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Here's How to Join 'How Have Women's Protests Changed History?'

How Have Women’s Protests Changed History? | Zocalo Public Square • Arizona State University • Smithsonian

A group of women hold up their arms, showing the words "NO" printed on their palms, during a protest march demanding non-sexist education and an end to discrimination, harassment and sexual abuse by academics, students and officials in Santiago, Chile, Wednesday, June 6, 2018. Photo by Luis Hidalgo/AP Photo

Click here to join the conversation, airing tonight at 6:00 PM PDT

Discussion with captioning provided here (Please note that live chat participation is available only on the main video stream.)

There are few forces of nature more formidable than a group of women fed up with the status quo. From the French Revolution—which was sparked in part by a 7,000-woman march from Paris to Versailles—to Black Lives Matter—which was founded by three women—some of the most important protest movements in global history have been women-led. In addition to organizing many of summer 2020’s continuing marches, over the past century women have taken to the streets to rally for voting and equal rights, to condemn sexual and gun violence, and to stand against the sitting president. But protest has taken other forms too, including the #MeToo movement, anti-colonial mobilizations from Ethiopia to Southeast Asia, women taking the wheel in Saudi Arabia to demand the right to drive, and boycotts and strikes like the Women’s Political Council Montgomery bus boycott. How have women risen up collectively to create change—and influenced broader movements in the process? What has made women particularly effective protesters, and what ideas have women come up with that have changed the art of protest?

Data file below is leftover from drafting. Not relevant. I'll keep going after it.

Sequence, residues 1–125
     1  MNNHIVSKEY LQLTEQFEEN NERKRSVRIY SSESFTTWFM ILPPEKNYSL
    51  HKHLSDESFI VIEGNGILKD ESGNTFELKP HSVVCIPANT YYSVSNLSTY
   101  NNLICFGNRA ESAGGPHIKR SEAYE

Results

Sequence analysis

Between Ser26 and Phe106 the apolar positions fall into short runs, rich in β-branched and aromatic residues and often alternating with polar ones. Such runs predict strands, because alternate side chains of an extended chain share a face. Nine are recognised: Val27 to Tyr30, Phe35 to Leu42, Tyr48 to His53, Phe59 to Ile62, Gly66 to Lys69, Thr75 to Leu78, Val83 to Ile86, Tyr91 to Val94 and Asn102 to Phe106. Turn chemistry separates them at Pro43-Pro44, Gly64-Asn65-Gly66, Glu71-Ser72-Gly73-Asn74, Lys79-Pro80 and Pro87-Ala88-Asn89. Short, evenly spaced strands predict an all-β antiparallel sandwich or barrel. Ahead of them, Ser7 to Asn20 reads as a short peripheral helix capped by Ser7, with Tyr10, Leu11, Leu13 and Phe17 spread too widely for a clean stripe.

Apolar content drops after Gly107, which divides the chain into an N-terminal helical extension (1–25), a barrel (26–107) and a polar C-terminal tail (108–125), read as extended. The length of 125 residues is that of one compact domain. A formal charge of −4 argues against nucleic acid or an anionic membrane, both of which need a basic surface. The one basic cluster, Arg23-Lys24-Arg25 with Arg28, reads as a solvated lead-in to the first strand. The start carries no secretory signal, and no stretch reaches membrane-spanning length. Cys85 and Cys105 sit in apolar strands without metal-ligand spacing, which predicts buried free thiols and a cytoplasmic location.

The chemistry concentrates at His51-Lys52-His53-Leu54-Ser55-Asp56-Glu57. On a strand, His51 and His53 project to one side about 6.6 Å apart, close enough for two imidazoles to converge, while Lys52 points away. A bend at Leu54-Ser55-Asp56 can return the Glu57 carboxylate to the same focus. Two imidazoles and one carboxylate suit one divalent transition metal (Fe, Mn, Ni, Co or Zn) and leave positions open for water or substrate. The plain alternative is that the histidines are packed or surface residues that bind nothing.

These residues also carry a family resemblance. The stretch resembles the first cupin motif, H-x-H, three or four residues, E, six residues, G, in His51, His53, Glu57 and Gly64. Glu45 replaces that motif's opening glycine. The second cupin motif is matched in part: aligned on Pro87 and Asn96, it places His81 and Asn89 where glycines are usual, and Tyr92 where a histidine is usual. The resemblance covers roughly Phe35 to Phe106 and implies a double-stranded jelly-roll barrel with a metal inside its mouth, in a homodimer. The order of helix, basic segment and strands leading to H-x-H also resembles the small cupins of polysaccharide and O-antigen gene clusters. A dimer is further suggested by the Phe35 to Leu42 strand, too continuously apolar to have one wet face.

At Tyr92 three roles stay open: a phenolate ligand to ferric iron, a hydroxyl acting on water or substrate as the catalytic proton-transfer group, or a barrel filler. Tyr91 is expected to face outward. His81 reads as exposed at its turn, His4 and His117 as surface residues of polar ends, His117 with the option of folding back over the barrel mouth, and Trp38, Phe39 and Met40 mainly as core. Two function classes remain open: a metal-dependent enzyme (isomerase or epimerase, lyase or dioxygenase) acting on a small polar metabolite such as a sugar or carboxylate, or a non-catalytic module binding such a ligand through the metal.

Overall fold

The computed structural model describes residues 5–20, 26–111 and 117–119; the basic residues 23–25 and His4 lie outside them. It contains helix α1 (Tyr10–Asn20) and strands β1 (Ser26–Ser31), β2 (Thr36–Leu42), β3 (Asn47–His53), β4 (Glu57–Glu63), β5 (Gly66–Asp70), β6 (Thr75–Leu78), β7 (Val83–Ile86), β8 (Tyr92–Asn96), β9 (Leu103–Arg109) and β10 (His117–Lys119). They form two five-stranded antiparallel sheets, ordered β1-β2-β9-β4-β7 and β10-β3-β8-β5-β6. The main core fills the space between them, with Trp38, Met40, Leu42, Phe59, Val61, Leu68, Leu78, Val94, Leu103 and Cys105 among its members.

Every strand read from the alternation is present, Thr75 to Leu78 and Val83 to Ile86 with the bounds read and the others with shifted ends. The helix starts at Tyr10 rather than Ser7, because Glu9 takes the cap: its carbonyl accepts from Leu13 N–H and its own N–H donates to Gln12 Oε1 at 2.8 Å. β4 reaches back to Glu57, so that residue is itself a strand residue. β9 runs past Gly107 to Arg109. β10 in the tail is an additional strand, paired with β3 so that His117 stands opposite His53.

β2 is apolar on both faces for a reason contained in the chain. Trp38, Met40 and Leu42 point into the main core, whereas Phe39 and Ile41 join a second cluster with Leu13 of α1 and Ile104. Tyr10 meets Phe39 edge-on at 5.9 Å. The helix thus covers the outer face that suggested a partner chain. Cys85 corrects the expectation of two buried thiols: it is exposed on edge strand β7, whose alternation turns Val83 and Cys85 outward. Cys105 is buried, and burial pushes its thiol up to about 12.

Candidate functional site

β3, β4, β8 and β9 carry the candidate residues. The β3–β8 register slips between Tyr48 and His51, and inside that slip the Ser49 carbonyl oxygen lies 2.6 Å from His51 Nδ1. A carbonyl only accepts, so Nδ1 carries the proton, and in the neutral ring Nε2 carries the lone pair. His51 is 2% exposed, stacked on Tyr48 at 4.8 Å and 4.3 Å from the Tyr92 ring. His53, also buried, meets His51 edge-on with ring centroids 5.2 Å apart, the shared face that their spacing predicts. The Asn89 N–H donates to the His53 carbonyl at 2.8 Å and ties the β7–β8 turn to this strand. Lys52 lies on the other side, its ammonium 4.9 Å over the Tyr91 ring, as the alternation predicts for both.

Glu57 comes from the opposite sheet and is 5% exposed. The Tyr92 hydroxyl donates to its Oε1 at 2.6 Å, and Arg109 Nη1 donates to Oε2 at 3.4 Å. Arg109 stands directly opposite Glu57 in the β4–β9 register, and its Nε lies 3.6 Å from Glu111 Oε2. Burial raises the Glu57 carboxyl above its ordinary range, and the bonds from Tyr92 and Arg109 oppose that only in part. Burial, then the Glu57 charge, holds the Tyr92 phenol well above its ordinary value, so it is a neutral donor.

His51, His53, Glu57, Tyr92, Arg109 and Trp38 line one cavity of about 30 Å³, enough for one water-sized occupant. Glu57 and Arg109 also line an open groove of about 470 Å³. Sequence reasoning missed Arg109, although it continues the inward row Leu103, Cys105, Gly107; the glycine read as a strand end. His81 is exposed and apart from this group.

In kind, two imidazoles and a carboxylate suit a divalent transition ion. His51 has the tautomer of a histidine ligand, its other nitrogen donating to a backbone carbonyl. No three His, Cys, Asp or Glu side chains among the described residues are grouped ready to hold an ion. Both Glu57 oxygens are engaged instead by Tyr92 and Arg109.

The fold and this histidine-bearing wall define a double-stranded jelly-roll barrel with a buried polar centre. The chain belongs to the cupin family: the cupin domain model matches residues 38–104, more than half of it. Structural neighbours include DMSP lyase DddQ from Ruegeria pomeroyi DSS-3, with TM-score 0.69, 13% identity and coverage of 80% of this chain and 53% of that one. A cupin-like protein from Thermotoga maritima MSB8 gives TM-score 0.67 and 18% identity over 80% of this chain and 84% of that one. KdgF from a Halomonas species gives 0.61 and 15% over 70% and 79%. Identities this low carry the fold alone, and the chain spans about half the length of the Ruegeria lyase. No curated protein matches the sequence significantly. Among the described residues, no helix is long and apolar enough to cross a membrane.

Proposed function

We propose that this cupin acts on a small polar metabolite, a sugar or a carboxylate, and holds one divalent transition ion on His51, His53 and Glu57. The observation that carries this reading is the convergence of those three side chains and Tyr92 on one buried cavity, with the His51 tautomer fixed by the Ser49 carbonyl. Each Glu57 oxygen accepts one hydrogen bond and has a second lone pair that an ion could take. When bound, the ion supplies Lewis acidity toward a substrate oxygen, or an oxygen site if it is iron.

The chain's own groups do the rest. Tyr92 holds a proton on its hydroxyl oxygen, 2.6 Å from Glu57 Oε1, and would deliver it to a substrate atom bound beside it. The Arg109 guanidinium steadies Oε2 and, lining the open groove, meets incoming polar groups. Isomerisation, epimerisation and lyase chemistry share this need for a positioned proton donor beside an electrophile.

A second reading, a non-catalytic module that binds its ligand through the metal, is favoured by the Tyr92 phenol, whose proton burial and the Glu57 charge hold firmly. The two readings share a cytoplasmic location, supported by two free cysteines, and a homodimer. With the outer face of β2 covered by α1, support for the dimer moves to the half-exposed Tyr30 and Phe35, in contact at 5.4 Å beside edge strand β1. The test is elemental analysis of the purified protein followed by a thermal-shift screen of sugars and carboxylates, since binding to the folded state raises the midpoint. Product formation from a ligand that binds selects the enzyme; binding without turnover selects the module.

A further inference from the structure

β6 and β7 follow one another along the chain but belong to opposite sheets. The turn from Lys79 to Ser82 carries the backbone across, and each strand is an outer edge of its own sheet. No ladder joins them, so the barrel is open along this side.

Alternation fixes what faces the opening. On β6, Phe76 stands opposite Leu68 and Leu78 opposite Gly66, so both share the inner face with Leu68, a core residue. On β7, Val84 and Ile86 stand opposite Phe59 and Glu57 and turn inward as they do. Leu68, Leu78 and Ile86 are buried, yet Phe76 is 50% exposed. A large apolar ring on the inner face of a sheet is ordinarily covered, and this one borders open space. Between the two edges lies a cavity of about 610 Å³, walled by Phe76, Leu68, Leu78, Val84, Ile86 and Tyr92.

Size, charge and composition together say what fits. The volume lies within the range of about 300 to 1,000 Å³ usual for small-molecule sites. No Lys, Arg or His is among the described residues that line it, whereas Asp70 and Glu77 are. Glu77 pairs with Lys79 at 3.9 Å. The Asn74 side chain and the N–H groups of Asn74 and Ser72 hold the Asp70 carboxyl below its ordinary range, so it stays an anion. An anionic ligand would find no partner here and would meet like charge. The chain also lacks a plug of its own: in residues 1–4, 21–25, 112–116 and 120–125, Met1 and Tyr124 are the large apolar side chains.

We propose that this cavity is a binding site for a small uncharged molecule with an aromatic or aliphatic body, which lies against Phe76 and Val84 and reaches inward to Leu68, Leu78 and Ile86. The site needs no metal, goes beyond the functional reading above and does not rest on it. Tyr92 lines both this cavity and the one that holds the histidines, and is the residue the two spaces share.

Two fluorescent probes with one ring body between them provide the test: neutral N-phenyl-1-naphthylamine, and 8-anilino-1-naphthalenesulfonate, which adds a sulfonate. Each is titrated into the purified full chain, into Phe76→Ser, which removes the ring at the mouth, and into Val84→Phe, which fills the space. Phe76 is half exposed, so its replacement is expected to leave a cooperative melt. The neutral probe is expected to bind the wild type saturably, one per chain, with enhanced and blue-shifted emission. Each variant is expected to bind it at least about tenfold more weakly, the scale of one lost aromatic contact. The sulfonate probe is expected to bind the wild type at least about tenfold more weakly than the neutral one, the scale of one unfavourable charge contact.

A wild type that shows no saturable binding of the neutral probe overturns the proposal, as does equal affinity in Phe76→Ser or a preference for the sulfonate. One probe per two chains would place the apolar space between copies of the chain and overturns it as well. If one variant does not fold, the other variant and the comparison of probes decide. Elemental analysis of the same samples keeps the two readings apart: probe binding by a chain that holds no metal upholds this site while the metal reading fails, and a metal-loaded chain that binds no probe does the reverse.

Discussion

One hundred years after the passage of the 19th Amendment, Zócalo and the Natural History Museum of Los Angeles County present “When Women Vote,” the a three-event series that begins tonight with “How Have Women’s Protests Changed History?” Moderated by Rinku Sen, co-president of the Women’s March board of directors, the streaming event will feature USC labor historian Francille Rusan Wilson, Northeastern University feminist sociologist Valentine Moghadam, and UCLA gender studies professor Ju Hui Judy Han.

Want more Zócalo? Get to know our panelists in advance of tonight’s event by stopping by our virtual green room.


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